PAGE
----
Play Review: Lost Hearts

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M.R. James is a name steeped in history, horror and expectation. The author of countless classic ghost stories, James created many of the modern ghostly tropes that we still see in literature and cinema today. Adapting his work has been a long tradition in Britain, with the BBC themselves having cultivated a crop of bone chilling tales derived from his classic works of horror that pepper the screens during the festive period.

Michael James Ford is Abney in Lost Hearts

Lost Hearts, here adapted for the stage by Michael James Ford and Stewart Roche of The Curious Ensemble, is a tale that I have long regarded as one of his finest. So, my expectations going into this filmed performance of a stage production had to remain tempered with hope and braced for interpretation.

Thankfully, with the wonderful setting (filmed in the gorgeous Roundwood House), interesting performances and brilliant sound design I felt as though I had travelled back in time to the 1900’s to bear witness to one of James’ darker stories.

Set in London, 1903, we follow Stephen Elliot (Kyle Hixon) as man struggling to hold his life together. In danger of succumbing to a dangerous opium addiction, Stephen avails himself of the services of psychiatrist Doctor Olsen (Michael James Ford) who, through the use of hypnosis, digs into the past trauma that Stephen has buried deep within himself.

Kyle Hixon and Bairbre Ni Chaoimh is Lost Hearts

Travelling back through time, we witness events that have led to Stephen’s modern unravelling when he lived as a boy with his Uncle on the enormous grounds of the solitary Aswarby Hall. Haunted by the ghosts of previous inhabitants, Stephen slowly uncovers the truth at the black heart of his malady and in the process confronts a dark, unspeakably occult secret hiding beneath the opulence of Aswarby Hall.

Ford and Roche’s interpretation of Lost Hearts hits all the right beats; running at under forty-five minutes, they keep proceedings moving quickly and really make the most of the gorgeous grounds they are able to film in. From sun-kissed green fields to dark, dank and ominous cellars lit only by candle-light, the piece looks terrific throughout.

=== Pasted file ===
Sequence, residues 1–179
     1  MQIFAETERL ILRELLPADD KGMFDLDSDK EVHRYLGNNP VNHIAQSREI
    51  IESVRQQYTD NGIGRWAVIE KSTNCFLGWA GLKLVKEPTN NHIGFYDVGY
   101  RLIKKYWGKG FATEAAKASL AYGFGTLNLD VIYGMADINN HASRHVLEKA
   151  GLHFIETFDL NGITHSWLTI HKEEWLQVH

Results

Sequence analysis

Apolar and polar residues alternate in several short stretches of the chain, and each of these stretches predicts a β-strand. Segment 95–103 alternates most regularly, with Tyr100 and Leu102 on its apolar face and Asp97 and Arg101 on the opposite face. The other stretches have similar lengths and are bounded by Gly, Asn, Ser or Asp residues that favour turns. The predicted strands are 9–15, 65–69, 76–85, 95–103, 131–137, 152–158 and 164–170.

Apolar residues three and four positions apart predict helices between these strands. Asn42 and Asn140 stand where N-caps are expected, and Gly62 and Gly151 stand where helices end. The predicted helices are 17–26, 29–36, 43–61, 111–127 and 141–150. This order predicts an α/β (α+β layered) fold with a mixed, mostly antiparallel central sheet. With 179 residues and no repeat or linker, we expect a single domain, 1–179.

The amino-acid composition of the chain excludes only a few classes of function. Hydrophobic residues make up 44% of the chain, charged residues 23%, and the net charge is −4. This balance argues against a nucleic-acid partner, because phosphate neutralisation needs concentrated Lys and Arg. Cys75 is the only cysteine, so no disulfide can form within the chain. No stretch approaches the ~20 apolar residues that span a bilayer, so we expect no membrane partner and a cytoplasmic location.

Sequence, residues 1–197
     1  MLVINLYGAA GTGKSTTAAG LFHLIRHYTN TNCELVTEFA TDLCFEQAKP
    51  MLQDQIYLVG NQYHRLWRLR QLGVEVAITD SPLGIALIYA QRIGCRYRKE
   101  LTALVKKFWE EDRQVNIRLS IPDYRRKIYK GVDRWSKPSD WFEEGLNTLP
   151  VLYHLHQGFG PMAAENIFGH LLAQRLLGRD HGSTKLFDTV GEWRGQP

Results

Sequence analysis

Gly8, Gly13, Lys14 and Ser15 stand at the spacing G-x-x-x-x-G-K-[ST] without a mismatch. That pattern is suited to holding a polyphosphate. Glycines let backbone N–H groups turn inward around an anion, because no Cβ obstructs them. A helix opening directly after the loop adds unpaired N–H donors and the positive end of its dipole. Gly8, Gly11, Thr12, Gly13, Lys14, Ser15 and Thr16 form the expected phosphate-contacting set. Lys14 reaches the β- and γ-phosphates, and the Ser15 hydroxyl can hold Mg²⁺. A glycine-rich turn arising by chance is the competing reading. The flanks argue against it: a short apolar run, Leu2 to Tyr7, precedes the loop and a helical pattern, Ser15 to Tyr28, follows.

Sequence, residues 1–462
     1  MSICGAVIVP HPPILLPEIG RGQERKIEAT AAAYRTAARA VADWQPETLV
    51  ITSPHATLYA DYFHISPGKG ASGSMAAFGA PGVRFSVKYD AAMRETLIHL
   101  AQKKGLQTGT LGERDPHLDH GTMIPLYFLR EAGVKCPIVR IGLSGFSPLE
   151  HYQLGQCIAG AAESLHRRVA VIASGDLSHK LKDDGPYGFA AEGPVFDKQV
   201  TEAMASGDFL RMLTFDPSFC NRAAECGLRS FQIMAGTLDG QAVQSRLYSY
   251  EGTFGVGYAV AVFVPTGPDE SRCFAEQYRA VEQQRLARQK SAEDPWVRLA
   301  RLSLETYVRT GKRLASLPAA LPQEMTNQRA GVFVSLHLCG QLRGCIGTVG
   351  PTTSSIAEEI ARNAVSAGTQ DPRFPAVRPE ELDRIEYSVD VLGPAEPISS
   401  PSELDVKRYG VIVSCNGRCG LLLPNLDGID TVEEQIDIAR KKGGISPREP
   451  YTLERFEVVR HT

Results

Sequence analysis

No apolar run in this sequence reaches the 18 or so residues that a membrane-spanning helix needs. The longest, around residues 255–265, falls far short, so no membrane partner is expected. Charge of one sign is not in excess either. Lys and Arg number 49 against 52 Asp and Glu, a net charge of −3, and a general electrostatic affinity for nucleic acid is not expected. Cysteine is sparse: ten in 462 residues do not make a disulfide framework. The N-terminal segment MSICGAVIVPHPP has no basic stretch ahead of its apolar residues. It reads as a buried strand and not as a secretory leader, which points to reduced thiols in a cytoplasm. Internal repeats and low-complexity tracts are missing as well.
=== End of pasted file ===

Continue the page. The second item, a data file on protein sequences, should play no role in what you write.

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The minimalist cast all pull double duty and rise to the challenge well. Michael James Ford plays both Doctor Olsen and Stephen’s avuncular uncle, and it is to his credit that it took me a moment or two to realise. His bombastic performance as the Uncle stands in sharp contrast to his measured portrayal as Doctor Olsen, a man of science forced to confront the boundaries of his own belief. Bairbre Ni Chaoimh doubles as Dr Olsen’s assistant and as the kindly housekeeper who looks out for Stephen when the night terrors become all to tangible. She is a sympathetic presence who brings a sense of safety to proceedings, even when safety seems very far away.

In the central role, Kyle Hixon has a lot of work to do as Stephen Elliot. Spending most of the runtime portraying an eleven-year old boy, I was initially concerned that the idea of a fully grown adult playing a child may stray too far into Dear Evan Hansen territory, but the conceit that we are watching the memories of the adult Stephen play out actually makes this decision quite a deft one. The part calls for an actor to portray a broad range of emotions that may prove challenging for a younger actor, and after a moment or so of concern I was engaged with an interesting performer pushing outside his comfort zone.

The ghostly children of Lost Hearts

The music in Lost Hearts is wonderfully suited to the piece. A two-man performance (Philip Dodd and Donal Wallace) of violin and cello create a striking mood, the sharp pinching strings able to offset their more sedate moments when the horror truly gets going. And the overall sound design of the story builds the world around the performers well, with horse carriages trotting along just out of site and the spine-tingling laughter of invisible children arriving when least welcomed.

Anyone familiar with M.R James’ work may know what to expect going in, but sometimes a lot of joy can be found in enjoying a well told tale regardless of its familiarity. Lost Hearts is a favourite of mine, and after viewing The Curious Ensemble’s piece it may become a favourite of yours too.

By: Hugh McStay

Lost Hearts will be streamed by Dunamaise Arts Centre on 1-3 October and by various venues around the country. Also keep an eye out for live performances later this year. 

Additional crew includes DoP & Editor: Naoise Kettle; 2nd Camera  & Lighting: Reuben Harvey, Sound Engineer: Nick Anton.